Requirements for work in the UK
UK work visas
UK work-related visas are changing in light of the 2016 Brexit vote. From January 2021, EU/EFTA citizens will be treated the same as third-country nationals and need a visa to work in the UK.
Currently, there are only work visas available in the UK for skilled migrants and those working in shortage occupations. In 2020, the UK government announced the introduction of a new points-based system that will come into effect from the start of 2021.
Qualifications to work in the UK
You can find out how qualifications awarded in your home country relate to British qualifications through UK NARIC. The NARIC site also has a section with details on which professions are regulated in the UK, in other words, you need a minimum level of professional qualifications before you can practice them in the UK.
Tax and social security numbers in the UK
Once you start working and paying tax in the UK, whether employed or self-employed, you will be assigned a unique tax reference (UTR) number. This is a 10-digit number that is used in your dealings with the UK Inland Revenue.
You need to apply for a National Insurance (NI) Number before you start working in the UK. Your NI number is used for social security purposes in the UK and you will need it, for example, to claim benefits or a UK pension.
Starting a job in the UK
It is likely that you will start off on a probation period in your new job. During this time, the length of notice regarding the termination of your contract may well be shorter. Job probation periods in the UK should not be longer than six months.
Your employer should enroll you for social security and will make contributions from your monthly salary that will entitle you to benefits and the UK state pension. In addition to this, you will be covered by employers’ liability insurance in the UK in the event of any work-based illnesses or injuries.
Depending on your employer, you may also be offered the chance to opt in on a company pension to top up your state pension benefit. Many UK employers also offer other types of perks such as private health insurance in the UK.
- Find a job – UK government job search portal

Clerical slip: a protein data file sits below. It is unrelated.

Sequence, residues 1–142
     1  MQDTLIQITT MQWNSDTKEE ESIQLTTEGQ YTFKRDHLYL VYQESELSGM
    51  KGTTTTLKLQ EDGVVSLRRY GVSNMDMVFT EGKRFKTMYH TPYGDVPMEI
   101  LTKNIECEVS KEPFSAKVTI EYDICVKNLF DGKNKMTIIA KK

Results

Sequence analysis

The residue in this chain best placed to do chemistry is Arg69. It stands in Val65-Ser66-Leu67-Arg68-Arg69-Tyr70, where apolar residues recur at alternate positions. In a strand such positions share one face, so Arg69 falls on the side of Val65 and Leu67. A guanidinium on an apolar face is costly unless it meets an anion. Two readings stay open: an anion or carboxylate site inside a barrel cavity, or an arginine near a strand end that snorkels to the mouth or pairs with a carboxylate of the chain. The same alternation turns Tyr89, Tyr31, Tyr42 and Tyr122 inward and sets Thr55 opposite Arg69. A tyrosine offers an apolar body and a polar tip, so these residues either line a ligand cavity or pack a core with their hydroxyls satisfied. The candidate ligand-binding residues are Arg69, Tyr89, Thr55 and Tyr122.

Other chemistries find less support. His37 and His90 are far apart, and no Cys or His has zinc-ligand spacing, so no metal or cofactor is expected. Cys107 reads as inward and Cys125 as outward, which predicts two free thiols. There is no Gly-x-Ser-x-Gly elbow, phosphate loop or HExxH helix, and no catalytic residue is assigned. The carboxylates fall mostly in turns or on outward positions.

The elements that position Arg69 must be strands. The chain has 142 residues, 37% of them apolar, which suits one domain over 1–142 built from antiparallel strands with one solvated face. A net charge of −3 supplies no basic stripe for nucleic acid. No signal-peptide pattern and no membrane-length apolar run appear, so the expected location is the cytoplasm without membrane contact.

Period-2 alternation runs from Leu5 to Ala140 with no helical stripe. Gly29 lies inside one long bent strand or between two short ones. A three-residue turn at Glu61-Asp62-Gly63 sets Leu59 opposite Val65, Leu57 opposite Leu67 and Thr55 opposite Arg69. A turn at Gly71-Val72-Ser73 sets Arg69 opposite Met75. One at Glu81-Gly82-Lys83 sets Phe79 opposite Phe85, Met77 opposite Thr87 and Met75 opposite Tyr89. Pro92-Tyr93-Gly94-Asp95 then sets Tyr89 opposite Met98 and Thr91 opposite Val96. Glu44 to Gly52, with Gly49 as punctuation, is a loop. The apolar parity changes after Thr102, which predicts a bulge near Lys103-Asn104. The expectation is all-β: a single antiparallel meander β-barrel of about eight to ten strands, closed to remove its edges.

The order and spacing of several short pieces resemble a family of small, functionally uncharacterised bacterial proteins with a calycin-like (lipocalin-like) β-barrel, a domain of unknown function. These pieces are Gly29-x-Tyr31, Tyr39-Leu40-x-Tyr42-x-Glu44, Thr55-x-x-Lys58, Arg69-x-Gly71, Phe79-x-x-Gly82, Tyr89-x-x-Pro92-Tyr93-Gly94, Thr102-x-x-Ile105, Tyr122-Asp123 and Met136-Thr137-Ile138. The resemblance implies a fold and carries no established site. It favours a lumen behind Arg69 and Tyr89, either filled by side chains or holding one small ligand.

- UK government working, jobs, and pensions – section of UK government website dealing with work and jobs
General Job Search Engines and Classifieds
With the sites below, you can expect to get a 0.5 to 1.0% response rate (people who will respond back to you to whom you sent your application/CV.) Nevertheless, I encourage you to give these sites a try as you never know what you will come up with or what connections you can make from a simple e-mail or application.
- Jobs.ac.uk: A big UK job site.
- The Guardian: The Guardian has job postings.
- The Independent: The Independent has jobs mainly in the areas of accounting, technology, and education.
- Career Jet: I’m sure you’ve heard of Career Jet. They have job search options for the UK.
- Glassdoor: Glassdoor has a slew of opportunities in London.
- Indeed: The UK version of the big U.S. job search site Indeed.com.
- Jobsite: Big boys in the UK job search field.
- Reed: These guys have a ridiculous number of job postings. One of the things I like about this site is that they actually show the number of job postings. Other job sites should look and learn from these guys.
- Monster: Monster has been around since pretty much the dawn of the internet era.
- Gov.uk: Government-run job site.
- Manpower: Recruitment agency.
Other Websites and Blogs
- Expatica: A good primer on working in the UK.
- Transitions Abroad: Transitions Abroad has a really comprehensive list for anyone considering becoming an expatriate in the UK.
Overseas and Expat Job Portals
- Michael Page: An international executive recruitment website that I’ve used in the past. This site is targeted towards high-end job seekers.
- eFinancialCareers: My favorite search engine for finance jobs on the web. I used them during my Wall Street days. They have lots of jobs for the UK.
- Overseas Jobs: I find that there is often significant overlap between the postings on this site and that of other sites. Nevertheless this site has been around for a while.
- Go Abroad: I’ve always been a fan of GoAbroad. In fact, on the visa information portion of my website, you will find where I have linked to their global embassies directory. They have a good job portal too.
- Linkedin: Last but not least, this huge professional social network is a resource for building contacts in the field and location of your interest.